As the Wind Blows: The Effects of Long-Term Exposure to Air Pollution on Mortality

J Eur Econ Assoc. 2020 Aug;18(4):1886-1927. doi: 10.1093/jeea/jvz051. Epub 2019 Oct 3.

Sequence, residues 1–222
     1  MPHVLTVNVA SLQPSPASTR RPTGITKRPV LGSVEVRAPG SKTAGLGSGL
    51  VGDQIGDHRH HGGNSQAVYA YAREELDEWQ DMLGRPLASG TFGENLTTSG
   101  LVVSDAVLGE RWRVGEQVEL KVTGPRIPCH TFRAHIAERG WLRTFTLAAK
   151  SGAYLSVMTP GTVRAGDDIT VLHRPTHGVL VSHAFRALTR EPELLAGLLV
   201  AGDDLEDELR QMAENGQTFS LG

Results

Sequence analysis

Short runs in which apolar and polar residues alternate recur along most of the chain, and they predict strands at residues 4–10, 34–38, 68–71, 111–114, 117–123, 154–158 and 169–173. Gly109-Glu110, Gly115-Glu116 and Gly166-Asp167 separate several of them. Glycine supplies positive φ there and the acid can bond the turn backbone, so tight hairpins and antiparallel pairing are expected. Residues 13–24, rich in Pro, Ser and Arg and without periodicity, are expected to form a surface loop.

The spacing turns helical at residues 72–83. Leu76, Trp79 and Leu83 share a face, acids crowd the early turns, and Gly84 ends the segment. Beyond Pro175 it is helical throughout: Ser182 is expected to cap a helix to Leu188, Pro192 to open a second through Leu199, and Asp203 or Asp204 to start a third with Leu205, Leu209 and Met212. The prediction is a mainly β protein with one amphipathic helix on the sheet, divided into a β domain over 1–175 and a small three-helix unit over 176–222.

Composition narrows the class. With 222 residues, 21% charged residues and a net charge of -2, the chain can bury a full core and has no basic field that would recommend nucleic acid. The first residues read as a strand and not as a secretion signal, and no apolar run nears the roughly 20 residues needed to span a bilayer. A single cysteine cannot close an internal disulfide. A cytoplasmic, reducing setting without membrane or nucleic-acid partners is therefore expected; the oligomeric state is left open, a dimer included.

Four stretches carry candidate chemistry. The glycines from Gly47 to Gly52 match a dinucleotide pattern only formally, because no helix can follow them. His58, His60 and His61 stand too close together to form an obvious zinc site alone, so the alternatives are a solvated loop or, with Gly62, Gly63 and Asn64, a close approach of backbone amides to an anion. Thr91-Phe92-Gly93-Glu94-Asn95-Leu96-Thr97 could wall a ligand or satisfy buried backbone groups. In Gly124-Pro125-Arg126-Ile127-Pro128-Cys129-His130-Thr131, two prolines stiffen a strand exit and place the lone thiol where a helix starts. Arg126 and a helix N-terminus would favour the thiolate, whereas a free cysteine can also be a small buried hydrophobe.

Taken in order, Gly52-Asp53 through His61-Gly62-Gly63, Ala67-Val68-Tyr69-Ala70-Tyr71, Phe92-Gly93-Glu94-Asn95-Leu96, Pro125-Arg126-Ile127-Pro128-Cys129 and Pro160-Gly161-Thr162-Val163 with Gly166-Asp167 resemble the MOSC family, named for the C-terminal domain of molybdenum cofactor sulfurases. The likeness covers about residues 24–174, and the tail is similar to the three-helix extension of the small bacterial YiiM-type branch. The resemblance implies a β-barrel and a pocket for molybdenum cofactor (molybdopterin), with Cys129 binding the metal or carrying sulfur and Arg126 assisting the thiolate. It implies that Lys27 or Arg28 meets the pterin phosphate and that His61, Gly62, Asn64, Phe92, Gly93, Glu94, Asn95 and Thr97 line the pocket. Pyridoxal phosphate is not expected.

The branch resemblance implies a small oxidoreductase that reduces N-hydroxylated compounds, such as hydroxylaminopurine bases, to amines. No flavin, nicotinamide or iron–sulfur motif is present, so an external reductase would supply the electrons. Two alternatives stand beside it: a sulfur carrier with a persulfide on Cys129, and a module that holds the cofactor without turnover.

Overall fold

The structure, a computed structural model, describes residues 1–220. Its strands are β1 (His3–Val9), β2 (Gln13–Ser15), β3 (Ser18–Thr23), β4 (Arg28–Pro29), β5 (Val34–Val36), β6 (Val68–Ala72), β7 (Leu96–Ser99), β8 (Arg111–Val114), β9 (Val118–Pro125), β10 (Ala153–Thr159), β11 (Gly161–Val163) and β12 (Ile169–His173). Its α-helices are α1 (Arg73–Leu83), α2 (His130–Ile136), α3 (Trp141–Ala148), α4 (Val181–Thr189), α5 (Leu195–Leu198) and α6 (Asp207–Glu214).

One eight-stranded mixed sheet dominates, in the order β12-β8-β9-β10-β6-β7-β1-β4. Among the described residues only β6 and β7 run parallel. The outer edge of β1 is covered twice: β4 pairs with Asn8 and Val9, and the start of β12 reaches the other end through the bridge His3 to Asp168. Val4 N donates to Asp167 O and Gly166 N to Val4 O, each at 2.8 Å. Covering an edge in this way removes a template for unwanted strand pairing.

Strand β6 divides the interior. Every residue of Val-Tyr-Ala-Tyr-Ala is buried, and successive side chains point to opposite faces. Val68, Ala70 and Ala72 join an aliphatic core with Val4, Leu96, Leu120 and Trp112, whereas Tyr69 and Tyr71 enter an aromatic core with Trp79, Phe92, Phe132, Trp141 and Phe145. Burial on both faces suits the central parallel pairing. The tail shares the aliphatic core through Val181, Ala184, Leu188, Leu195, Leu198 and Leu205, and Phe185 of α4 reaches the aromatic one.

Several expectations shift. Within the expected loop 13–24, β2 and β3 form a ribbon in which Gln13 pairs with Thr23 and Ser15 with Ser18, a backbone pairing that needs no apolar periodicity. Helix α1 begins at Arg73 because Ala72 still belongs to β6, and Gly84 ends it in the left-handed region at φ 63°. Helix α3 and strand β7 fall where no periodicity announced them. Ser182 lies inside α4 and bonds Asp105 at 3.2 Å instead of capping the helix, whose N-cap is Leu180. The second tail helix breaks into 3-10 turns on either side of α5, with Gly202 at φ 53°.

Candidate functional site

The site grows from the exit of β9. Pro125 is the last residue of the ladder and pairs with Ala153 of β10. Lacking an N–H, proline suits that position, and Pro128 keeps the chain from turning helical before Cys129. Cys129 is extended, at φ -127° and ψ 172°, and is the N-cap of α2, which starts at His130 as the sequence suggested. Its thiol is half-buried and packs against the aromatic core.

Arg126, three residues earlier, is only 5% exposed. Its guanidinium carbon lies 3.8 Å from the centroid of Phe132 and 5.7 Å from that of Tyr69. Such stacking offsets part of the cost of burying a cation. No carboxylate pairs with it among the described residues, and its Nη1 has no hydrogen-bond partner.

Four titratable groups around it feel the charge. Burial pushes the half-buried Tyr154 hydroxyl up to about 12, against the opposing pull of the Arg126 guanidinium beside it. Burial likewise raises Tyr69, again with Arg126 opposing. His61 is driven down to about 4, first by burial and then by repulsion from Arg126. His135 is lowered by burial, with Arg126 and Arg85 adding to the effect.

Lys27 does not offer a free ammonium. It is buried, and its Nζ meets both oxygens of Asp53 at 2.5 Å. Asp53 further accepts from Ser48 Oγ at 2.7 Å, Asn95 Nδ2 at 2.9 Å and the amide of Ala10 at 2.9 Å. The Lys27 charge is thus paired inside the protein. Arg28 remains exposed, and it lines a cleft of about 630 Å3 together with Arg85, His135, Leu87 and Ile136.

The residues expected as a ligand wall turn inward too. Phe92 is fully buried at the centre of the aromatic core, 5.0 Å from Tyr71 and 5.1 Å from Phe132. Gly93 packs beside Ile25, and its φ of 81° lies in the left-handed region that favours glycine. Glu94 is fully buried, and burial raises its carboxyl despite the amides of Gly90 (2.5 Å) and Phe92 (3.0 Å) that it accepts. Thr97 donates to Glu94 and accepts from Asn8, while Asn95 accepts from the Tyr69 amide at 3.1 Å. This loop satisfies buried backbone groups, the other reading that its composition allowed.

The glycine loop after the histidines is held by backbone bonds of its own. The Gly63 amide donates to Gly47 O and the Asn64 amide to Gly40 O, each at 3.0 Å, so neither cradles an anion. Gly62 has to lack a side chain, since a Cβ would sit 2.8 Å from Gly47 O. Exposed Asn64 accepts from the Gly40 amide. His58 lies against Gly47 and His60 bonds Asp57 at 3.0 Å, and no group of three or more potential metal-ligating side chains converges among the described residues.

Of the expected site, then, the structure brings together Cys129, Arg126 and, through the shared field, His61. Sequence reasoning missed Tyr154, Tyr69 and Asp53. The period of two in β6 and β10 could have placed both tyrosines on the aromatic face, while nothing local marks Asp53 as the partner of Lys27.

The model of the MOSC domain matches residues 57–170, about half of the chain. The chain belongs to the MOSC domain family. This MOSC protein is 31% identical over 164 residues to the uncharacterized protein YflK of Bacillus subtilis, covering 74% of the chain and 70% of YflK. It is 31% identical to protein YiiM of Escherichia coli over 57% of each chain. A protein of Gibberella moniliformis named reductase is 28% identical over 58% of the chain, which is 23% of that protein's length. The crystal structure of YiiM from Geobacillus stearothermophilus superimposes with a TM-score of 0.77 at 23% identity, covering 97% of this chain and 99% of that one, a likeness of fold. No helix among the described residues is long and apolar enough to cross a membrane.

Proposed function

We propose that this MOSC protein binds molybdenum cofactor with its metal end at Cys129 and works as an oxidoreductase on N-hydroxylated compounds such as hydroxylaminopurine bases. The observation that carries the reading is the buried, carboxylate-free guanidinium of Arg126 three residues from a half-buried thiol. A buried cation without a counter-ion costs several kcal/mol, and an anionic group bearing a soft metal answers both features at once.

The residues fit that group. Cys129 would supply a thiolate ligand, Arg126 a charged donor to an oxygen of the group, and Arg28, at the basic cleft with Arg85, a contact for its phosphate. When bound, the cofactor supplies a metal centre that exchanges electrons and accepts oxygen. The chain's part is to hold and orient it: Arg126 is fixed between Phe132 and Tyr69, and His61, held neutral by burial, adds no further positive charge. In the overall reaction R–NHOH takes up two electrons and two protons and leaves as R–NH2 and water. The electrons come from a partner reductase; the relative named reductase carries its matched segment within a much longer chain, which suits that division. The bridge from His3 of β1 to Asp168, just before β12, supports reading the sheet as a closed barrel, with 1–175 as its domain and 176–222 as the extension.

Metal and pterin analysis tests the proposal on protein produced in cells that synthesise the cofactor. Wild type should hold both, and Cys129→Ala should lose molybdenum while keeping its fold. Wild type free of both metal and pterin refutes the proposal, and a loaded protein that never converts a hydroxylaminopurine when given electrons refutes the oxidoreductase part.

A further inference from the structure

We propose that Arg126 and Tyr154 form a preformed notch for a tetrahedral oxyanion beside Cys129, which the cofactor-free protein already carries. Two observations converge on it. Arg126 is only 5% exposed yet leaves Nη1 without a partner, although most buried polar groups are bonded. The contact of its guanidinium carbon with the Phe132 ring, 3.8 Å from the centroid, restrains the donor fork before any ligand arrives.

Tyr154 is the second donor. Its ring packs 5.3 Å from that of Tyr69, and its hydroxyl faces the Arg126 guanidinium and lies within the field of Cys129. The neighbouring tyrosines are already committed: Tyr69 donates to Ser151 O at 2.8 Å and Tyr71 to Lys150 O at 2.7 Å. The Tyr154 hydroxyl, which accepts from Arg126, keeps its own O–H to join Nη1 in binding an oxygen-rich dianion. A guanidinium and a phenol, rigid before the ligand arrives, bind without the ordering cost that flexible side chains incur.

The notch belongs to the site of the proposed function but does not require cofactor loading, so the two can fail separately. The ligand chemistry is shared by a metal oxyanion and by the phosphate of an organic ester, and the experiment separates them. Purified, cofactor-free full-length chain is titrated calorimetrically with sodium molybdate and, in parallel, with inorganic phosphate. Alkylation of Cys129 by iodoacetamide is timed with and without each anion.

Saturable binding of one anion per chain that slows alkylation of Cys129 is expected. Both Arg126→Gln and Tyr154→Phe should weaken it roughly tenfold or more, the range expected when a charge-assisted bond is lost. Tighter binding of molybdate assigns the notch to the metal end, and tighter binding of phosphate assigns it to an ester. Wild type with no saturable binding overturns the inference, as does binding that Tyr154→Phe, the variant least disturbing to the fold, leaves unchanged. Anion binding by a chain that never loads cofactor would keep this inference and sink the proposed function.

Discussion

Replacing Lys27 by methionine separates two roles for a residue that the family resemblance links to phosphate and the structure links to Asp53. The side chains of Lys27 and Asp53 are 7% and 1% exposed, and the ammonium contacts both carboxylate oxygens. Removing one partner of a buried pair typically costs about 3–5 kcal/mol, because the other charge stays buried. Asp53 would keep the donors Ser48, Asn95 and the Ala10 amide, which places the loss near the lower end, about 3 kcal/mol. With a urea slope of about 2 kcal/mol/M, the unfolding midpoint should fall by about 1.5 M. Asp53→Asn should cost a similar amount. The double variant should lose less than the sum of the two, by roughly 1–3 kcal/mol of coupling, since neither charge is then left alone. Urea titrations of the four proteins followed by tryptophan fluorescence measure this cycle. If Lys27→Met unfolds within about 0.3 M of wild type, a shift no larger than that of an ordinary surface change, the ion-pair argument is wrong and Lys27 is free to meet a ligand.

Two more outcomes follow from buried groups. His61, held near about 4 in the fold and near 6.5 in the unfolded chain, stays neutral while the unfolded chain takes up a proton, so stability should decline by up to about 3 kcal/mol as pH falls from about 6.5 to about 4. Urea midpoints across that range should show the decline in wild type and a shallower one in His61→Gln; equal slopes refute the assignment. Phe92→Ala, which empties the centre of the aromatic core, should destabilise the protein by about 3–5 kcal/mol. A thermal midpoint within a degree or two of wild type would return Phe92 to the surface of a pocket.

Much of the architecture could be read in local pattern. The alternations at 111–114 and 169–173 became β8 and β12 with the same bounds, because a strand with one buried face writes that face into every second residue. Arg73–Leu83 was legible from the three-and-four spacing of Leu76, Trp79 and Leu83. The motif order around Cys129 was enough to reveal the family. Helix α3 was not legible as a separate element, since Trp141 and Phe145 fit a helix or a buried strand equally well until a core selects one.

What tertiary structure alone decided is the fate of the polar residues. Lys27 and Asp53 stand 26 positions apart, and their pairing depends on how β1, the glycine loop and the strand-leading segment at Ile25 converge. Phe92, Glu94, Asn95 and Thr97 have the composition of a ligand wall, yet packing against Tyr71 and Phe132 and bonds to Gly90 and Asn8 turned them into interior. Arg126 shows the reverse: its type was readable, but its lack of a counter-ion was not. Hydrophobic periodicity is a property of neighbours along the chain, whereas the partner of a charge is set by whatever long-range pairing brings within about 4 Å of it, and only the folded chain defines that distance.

There is strong evidence that short-run fluctuations in air pollution negatively impact infant health and contemporaneous adult health, but there is less evidence on the causal link between long-term exposure to air pollution and increased adult mortality. This project estimates the impact of long-term exposure to air pollution on mortality by leveraging quasi-random variation in pollution levels generated by wind patterns near major highways. I combine geocoded data on the residence of every decedent in Los Angeles over three years, high-frequency wind data, and Census short form data. Using these data, I estimate the effect of downwind exposure to highway-generated pollutants on the age-specific mortality rate by using orientation to the nearest major highway as an instrument for pollution exposure. I find that doubling the percentage of time spent downwind of a highway increases mortality among individuals 75 or older by 3.8%-6.5%. These estimates are robust and imply significant loss of life years.